Valentine Hugo (1887–1968) was a French artist and writer. She was born Valentine Marie Augustine Gross, only daughter to Auguste Gross and Zélie Démelin, in Boulogne-sur-Mer. She is best known for her work with the Russian ballet and with the French Surrealists. Hugo died in Paris.
A lover of the theater and music, Hugo's father raised her to share his interests until his death in 1903, which was undetermined as suicide or an accident. After her husband's death, Zélie raised her daughter alone.
Valentine Hugo received schooling in Boulogne-sur-Mer, where she received multiple awards for accomplishments in drawing, until 1907, at which time she entered the L'École des Beaux-Arts in Paris. There she worked in the studio at the Académie Humbert and exhibited in the Salon of French artists in 1909, and again in 1911. In 1908, Valentine Hugo met the artist Edmond Aman-Jean, who painted her portrait in 1909 and encouraged Hugo's artistic pursuits.
Hugo's work with the Ballets Russes established her connection with Jean Cocteau, who would introduce her to several important figures in her life, including her future husband French artist Jean Hugo (1894–1984), great-grandson of Victor Hugo. She would collaborate with him on ballet designs including Les mariés de la tour Eiffel (1921), and in 1926 she executed 24 wood engravings after maquettes by Jean Hugo for Jean Cocteau's production of Roméo et Juliette. Her involvement with the ballets provided Hugo many opportunities to progress her artwork. She often drew sketches of the ballets' choreography, and had a particular fascination with dancer and choreographer Vaslav Nijinsky. In 1913 she exhibited her paintings at the Théâtre des Champs-Elysées during the premiere of The Rite of Spring.
Hugo and Cocteau collaborated to create the ballet Parade, which premiered on 18 May 1917. Hugo worked on several other of Satie's ballets, including Le Piège de Méduse, Socrate, and Mercure.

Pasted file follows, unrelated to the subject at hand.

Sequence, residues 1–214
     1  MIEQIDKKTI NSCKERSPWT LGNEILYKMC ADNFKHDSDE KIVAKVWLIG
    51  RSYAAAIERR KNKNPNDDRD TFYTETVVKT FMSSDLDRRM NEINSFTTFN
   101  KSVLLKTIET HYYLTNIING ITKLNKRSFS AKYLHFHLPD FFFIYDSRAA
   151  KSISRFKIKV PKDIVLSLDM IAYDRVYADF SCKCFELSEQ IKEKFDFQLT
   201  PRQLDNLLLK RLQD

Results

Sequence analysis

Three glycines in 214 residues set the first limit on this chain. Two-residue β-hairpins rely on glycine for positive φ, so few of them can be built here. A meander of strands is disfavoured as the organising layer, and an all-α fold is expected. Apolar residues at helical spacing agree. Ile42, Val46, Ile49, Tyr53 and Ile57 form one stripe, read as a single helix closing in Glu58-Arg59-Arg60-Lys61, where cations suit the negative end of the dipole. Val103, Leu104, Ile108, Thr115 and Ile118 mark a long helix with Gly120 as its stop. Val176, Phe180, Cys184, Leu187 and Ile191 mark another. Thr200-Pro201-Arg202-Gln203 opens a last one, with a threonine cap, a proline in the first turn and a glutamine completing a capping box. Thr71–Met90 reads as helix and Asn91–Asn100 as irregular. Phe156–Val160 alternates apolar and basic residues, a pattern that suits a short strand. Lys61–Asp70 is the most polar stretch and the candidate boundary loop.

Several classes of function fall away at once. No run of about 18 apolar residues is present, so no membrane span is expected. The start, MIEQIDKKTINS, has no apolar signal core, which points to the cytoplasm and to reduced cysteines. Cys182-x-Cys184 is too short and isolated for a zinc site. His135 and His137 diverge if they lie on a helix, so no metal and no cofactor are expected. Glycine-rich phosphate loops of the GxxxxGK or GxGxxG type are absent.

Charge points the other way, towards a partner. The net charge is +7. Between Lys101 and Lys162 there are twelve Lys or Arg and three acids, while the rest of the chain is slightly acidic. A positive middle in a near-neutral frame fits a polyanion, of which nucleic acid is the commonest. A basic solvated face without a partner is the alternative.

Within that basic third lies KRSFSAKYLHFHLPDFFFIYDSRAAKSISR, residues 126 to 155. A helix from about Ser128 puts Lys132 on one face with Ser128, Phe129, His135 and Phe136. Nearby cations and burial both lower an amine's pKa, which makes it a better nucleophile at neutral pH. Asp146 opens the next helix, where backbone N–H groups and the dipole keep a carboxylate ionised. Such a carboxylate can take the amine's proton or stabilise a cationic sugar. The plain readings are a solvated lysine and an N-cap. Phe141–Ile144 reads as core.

Hugo hosted salons with many artists, writers, and musicians in Paris, including avant-garde leaders such as Pablo Picasso, André Breton, and Paul Éluard. She would often sketch her visitors, foreshadowing her portraiture work of the Surrealist leaders later on.
Hugo met Breton in 1917, before the start of Surrealism, at one of Cocteau's readings. Her friendships with Breton and Eluard would keep her connected to the Surrealists as the movement developed, and help her to form connections with other members, such as Salvador Dalí and Max Ernst. The three often traveled together, along with other members of the movement, in 1931 and 1932. As the only member of the group who owned a vehicle, Hugo would drive her companions to their destinations.
Valentine and Jean began living apart in 1926, and eventually divorced in 1932. Her separation from her husband allowed Hugo greater freedom to be involved with the Surrealist group. She moved into the same building as Eluard and Breton in May 1932.
Hugo joined the Bureau of Surrealist Research and created the Objet à fonctionnement symbolique (1931), which was shown during the Exposition surréalistic in 1933. She took part in other exhibitions throughout her time with the group, including an exhibit at the Museum of Modern Art in 1936.
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